Visitors to Tate Modern over the past few months will have been greeted by two massive ancient Andean-inspired quipu (knot) sculptures before shimmying off to immerse themselves in the Cezanne exhibition experience or to wander through the permanent collection.

The quipus, displayed at each end of the vast Turbine Hall of the old power station, represent poems in space, a metaphor for the union of all, that were burned and banned by the conquistadors. Yet their spirit lives on.

The two Hyundai Commission installations, ‘Dead Forest Quipu’, by Chilean artist Cecilia Vicuna are 27 metres high, are pale and ghostly and represent mourning for the destruction of forests, the impact of climate change and violence against the indigenous people. Made from found objects, unspun wool, plant fibres, rope and cardboard gathered by local Latin American communities along the banks of the Thames. With musical quipus resonating around the artworks, Vicuna is inviting people to create spaces for imagining and dreaming.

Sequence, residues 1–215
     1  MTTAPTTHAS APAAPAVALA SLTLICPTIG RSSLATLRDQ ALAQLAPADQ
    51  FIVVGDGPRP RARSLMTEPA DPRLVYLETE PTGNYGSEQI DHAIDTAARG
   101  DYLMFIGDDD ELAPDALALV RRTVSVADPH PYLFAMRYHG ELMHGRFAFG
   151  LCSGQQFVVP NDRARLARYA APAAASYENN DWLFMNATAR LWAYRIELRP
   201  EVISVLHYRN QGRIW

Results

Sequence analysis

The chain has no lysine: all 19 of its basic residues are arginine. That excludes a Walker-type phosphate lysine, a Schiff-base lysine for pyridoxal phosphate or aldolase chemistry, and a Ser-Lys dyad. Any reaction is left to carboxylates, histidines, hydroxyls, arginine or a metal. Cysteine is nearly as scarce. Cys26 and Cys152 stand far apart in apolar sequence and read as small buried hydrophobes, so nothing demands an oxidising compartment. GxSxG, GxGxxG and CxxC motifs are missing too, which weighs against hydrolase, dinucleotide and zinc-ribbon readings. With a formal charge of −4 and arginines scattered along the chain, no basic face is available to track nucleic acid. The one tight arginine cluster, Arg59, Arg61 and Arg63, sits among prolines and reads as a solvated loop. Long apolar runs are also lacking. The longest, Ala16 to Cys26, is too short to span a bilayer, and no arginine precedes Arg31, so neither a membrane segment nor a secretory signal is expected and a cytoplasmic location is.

With artworks this delicate – Vicuna calls the assemblage of imperfect and modest items precarios (precarious) – and on such a large scale, how best to clean them? They are just about to come down at the end of their time in Tate Modern. LCN resident expert Roger Cawood says gentle vacuuming is probably one method. Any other suggestions? Answers on a postcard, please. Or maybe nowadays email is best. ­